ESG Integration in Investment Management: Myths and Realities
By Sakis Kotsantonis, KKS Advisors, Chris Pinney, High Meadows Institute, and George Serafeim, Harvard Business School
The Journal of Applied Corporate Finance recently published an issue on sustainability and shareholder value. The issue includes this article on ESG integration. In the article, the authors discuss 6 myths around ESG investing and describe the current reality of the major challenges of strengthening ESG integration in mainstream investment.
• Myth 1. The net financial effect of corporate efforts to address environmental and social issues is to reduce corporate returns on operating capital and, along with them, long-run shareholder value.
Reality: Only a relatively small subset of ESG issues are “material” and hence “value-relevant” for each industry. Initiatives and investments designed to manage material ESG issues will produce results (increases in profits as well as stock returns).
• Myth 2. ESG is well on its way to being integrated into mainstream investment management and capital markets.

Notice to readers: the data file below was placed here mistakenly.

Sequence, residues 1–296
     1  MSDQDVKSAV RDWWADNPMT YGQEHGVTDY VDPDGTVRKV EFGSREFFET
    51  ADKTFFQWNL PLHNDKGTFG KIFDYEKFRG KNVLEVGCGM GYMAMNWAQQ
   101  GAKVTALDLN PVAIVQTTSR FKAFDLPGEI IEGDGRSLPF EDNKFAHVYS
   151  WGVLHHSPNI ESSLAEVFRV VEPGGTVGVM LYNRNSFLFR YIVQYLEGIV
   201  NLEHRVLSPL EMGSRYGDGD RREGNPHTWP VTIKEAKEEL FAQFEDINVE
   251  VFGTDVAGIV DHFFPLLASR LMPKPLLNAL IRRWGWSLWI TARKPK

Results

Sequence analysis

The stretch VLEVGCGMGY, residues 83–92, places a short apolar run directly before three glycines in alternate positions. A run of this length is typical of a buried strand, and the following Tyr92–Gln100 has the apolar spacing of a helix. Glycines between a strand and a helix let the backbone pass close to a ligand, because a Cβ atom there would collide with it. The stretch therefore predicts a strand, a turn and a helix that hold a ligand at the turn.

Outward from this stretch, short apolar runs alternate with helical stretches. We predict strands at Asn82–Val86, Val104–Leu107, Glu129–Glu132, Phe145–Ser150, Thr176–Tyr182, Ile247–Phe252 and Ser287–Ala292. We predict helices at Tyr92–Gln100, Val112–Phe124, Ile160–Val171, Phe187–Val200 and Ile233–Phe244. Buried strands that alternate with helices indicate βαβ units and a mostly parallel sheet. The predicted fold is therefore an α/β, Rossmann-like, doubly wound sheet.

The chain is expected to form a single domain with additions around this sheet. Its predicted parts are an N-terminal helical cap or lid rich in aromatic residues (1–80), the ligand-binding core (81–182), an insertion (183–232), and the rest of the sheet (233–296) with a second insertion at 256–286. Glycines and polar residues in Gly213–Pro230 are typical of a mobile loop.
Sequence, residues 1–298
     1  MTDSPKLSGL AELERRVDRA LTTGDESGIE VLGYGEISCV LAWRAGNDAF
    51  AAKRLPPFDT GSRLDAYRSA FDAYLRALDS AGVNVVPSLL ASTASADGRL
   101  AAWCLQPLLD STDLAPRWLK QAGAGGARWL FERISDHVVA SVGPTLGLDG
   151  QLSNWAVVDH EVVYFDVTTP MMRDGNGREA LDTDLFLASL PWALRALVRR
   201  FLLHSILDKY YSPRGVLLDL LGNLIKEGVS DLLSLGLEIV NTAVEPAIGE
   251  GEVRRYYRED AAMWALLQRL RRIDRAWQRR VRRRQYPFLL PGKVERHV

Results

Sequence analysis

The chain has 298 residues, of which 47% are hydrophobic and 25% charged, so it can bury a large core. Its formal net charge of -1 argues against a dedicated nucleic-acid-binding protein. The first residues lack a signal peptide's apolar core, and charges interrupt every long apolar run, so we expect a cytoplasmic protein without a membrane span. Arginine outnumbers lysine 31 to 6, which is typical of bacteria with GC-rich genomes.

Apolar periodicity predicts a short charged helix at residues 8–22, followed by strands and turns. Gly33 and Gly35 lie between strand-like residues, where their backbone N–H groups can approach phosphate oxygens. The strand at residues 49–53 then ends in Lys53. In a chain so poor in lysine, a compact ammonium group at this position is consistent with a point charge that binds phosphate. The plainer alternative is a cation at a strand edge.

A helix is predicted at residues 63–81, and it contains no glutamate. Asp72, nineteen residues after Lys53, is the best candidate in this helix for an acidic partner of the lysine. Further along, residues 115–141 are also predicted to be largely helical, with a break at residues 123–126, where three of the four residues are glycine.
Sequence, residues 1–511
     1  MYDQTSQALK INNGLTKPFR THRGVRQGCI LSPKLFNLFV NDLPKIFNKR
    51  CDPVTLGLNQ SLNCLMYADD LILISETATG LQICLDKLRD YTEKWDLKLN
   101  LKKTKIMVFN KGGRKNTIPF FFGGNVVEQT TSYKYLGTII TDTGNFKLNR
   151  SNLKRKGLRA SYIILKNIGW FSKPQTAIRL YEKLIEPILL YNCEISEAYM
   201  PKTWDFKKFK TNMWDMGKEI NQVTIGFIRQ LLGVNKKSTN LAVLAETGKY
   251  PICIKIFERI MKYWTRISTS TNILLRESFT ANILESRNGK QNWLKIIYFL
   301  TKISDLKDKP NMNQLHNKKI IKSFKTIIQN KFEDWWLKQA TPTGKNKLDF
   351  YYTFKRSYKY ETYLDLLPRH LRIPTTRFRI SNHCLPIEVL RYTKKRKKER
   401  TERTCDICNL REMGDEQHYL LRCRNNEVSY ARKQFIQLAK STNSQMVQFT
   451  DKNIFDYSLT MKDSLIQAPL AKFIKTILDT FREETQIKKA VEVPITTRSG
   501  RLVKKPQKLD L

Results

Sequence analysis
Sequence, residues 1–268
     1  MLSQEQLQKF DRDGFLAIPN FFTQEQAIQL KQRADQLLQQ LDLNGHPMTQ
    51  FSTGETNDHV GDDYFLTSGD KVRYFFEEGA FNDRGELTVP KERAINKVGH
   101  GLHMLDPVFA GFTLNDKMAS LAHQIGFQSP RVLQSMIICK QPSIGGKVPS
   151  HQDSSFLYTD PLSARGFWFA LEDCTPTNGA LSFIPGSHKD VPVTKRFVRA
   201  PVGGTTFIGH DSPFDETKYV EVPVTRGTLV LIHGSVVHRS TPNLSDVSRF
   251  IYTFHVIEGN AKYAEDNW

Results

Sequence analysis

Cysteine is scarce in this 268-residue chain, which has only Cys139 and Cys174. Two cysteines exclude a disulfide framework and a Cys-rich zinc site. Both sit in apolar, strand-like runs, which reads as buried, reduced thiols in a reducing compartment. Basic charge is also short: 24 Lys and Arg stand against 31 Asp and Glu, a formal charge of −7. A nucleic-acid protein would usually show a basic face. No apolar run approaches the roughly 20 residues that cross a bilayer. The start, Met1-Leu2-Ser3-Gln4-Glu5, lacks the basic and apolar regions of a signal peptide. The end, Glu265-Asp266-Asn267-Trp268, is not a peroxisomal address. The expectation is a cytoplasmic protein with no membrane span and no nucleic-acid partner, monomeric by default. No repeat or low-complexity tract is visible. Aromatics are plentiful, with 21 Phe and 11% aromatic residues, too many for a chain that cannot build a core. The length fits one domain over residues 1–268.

Reality: Only a small percentage of those assets are taking into account ESG data in a systematic way. The overwhelming percentage is simple ESG screens.
•Myth 3. Companies have little if any ability to influence the kinds of investors who buy their company’s shares.
Reality: Companies can and have influenced their investor base. An example is the case of Shire, which significantly changed their shareholder base within 5 years by using sustainability strategy and integrated reporting to resist excessive pressure for short-term performance.
• Myth 4. It is nearly impossible to do good fundamental analysis taking into account ESG data because the data infrastructure is lacking.
Reality: Progress on data availability and quality has been made over the last few years. Companies, investors, stock exchanges, data providers and NGOs have all played a role in advancing ESG data infrastructure.
• Myth 5. ESG is only about managing risk.
Reality: There are numerous examples of companies that have used ESG integration as an enabler to achieve long-term value and grow their top line (Dow Chemical, General Electric, Unilever).
• Myth 6. Consideration of ESG factors in investment portfolio construction is contrary to fiduciary duty.
Reality: Policy makers and multi-stakeholder initiatives are now working to promote reforms in the legal interpretation of fiduciary duty.
The full article can be found here.
Sustaining sustainability: What institutional investors should do next on ESG